It’s brash. It’s bold. It growls and grumbles like a caged beast in the corner, strapped tight to the floor of the Auto Diesel Technology building.
Equal parts beauty and beast, the 2016 Chevrolet Corvette Z06 is the latest addition to UAA’s fleet of GM-donated classroom cars. “GM has been awful darn good to us for a while now,” said Darrin Marshall, associate professor of GM automotive courses. “This is just the pinnacle.”
Read the full article here.
Source: Meet the fleet: Auto tech program receives 2016 Z07 Corvette – Green & Gold News
The Calista Corporation has partnered with AVTEC in Seward for an entry-level apprenticeship program aimed at high school students and graduates.
Cari-Ann Carty with Alaska Process Industry Careers Consortium says students will learn nautical and shoreside skills, how to navigate in the waters of Alaska, as well as get certifications and on-the-job training. Students will also have access to a state of the art simulator to hone their navigation skills.
Brenda Pacarro, with the Calista Corporation, said the organization recognized the need for Alaskans to receive training in order to be more employable. Pacarro wants the maritime industry to know it has trained and motivated candidates ready to enter the workforce.
There are scholarships available and Carty said there are a few requirements. For example, candidates need to be drug and alcohol free.
Those interested in scholarships or funding can get in touch with the Calista Corporation. Students or graduates interested in the apprenticeship program can visit the website, akmaritimeapp.com to apply or learn more.
To watch the full Workforce Wednesday video segment, click here.
Correction: In the video, Carty said the pay for deckhands was $250 an hour. The pay averages about $250 per day.
Source: Workforce Wednesday: Maritime industry apprenticeships | KTVA 11
For many Native American students, college seems as far off as the moon. But as Buzz Aldrin said in an appearance at the Alaska Native Science & Engineering Program, “Once you set your mind to get something done, seemingly anything is possible.”
ANSEP has been boosting students to university and beyond since 1995, with a plan that begins in middle school and extends into career placement after graduation. This series of intensive academic supports centered at the University of Alaska Anchorage inspires students to explore science, technology, engineering, and mathematics.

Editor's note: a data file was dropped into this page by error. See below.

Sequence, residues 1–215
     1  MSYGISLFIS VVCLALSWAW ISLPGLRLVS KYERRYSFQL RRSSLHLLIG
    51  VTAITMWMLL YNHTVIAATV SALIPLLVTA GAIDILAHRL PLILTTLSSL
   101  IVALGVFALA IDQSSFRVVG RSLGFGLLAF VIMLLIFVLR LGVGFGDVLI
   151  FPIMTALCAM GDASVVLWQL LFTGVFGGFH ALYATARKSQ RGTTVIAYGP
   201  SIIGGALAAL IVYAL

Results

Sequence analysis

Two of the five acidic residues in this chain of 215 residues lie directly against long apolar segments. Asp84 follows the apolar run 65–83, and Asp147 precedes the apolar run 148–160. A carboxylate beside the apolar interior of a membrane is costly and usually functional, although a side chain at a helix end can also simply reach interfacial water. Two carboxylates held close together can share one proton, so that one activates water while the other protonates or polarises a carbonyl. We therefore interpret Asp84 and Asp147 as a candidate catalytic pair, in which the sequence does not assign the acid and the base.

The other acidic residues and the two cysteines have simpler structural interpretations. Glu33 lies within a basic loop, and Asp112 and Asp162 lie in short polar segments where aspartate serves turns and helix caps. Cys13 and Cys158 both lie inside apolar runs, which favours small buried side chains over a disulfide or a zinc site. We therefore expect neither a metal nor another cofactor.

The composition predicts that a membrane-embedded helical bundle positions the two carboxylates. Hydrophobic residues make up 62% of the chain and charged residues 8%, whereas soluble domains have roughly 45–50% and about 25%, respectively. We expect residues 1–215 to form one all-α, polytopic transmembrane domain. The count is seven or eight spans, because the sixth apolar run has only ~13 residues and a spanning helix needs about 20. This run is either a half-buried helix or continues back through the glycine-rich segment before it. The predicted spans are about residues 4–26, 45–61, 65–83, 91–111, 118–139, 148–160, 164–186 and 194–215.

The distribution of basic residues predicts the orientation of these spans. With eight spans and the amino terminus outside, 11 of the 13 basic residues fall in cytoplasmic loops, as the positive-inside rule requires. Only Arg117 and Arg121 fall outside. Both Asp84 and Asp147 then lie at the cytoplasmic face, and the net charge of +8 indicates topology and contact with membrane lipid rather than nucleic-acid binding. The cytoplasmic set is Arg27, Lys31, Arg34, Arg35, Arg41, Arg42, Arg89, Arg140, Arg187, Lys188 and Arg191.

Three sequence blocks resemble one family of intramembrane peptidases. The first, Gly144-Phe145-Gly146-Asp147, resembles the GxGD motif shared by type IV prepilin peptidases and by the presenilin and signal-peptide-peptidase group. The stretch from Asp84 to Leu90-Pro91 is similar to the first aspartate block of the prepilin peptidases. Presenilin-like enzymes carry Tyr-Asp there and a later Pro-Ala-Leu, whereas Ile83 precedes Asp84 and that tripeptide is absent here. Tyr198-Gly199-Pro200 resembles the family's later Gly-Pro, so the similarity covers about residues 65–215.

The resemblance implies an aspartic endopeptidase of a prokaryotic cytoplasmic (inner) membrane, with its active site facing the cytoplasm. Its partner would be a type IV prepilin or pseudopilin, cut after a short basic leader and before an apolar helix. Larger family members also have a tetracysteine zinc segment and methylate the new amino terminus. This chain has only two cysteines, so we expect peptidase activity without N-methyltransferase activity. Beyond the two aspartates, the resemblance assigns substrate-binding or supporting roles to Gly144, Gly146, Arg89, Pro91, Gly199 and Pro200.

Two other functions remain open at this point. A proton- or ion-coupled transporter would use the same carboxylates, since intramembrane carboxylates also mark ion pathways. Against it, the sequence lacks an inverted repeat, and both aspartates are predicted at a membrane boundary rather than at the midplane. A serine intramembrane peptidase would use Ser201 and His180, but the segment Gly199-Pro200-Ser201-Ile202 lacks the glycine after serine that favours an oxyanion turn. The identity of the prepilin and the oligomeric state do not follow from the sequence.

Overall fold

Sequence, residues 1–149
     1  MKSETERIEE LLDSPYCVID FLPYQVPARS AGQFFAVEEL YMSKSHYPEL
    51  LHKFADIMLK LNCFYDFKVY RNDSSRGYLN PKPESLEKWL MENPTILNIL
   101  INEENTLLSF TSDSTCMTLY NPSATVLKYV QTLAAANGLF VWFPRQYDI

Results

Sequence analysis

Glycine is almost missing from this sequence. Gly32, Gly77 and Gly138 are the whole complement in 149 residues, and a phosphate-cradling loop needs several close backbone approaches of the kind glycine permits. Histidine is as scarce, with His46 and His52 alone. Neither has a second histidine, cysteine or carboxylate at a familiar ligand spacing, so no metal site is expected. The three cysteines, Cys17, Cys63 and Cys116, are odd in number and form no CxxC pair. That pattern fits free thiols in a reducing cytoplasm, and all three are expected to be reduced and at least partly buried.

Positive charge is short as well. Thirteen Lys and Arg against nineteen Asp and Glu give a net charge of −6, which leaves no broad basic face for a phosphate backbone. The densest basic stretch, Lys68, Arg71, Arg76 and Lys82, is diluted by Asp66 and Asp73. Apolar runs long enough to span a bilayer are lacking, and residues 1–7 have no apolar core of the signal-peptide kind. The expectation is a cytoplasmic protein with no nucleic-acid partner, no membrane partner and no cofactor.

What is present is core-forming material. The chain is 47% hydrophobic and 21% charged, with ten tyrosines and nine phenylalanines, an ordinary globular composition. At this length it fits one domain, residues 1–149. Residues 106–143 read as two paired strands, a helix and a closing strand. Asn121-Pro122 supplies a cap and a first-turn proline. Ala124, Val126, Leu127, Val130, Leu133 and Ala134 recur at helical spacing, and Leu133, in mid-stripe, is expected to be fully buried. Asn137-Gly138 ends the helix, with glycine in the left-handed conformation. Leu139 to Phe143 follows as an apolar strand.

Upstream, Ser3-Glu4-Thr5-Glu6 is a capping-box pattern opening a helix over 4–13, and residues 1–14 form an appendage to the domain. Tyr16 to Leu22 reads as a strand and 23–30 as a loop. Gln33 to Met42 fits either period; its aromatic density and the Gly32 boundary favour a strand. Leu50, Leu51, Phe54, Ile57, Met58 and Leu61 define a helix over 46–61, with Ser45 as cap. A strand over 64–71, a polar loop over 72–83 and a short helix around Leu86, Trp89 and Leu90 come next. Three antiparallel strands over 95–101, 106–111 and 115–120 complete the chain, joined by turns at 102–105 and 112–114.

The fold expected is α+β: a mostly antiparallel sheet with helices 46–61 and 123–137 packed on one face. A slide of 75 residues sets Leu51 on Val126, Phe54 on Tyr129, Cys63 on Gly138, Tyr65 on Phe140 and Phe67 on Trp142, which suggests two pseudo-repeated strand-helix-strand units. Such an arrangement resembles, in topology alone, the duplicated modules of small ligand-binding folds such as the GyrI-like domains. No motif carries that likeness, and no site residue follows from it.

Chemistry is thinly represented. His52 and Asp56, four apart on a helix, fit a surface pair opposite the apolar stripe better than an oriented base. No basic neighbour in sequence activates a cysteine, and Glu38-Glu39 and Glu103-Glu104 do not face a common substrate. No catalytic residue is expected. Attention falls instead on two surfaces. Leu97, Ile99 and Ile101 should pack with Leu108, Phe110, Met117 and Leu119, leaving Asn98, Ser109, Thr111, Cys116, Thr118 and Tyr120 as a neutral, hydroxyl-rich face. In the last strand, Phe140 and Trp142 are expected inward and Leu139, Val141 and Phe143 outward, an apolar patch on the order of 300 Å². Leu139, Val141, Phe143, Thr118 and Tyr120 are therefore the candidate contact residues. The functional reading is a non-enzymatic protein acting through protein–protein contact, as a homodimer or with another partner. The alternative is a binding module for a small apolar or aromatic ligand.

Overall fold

As of 2016, roughly 2,000 students have taken part in the program, which has over 100 partners in the form of philanthropic organizations, corporations, educational institutions, and government agencies. It helps Natives prepare for careers within the oil and gas industry, biology, conservation, and other technical fields. The Urban Institute has categorized ANSEP as one of the most successful STEM programs in the country, propelling 85 percent of graduates to STEM careers.
Read the full article here.
Source: Nonprofit Spotlight: Alaska Native Science & Engineering Program | Excellence in Philanthropy | The Philanthropy Roundtable
April Trends features a comprehensive analysis of the nation’s 259 state-level recessions since 1961, and what Alaska might learn from their losses and recoveries as we navigate our largest economic downturn since the mid-1980s. Also this month is an update on the students who graduated from Alaska high schools in 2005 – the educational and career paths they took and where we found them in 2015. Finally, we examine what sizes and ages of businesses have been creating and losing jobs, and provide an update on what happened to claims for unemployment insurance benefits in 2016.
Source: Alaska Department of Labor and Workforce Development.
Careers in Alaska’s maritime industry are high paying, and have a huge impact on the economy. Jobs can be varied from seafood harvesting, offshore oil and gas to arctic research.
Cari-Ann Carty with Alaska Process Industry Consortium (APICC) called the career “high-dollar, blue-collar” work, as a starting wage is around $60,000 a year. She added it’s a lifestyle, because most people work about six months out of the year, and the benefits are great, as well.
Terry Federer, an instructor with the Alaska Vocational Training Center (AVTEC) in Seward, mentioned the maritime training department is the biggest one within the center. There are multiple career paths available, such as working up to being captain, or becoming a marine engineer. Federer said the ice navigation course it developed is the only United States Coast Guard approved course in the world.
For more information on how to get a career started, head to AVTEC.edu or APICC’s website. Additional maritime training and employment opportunities can be found at here.
To watch the Workforce Wednesday video segment, click here.
Source: Workforce Wednesday: Careers in the maritime industry | KTVA 11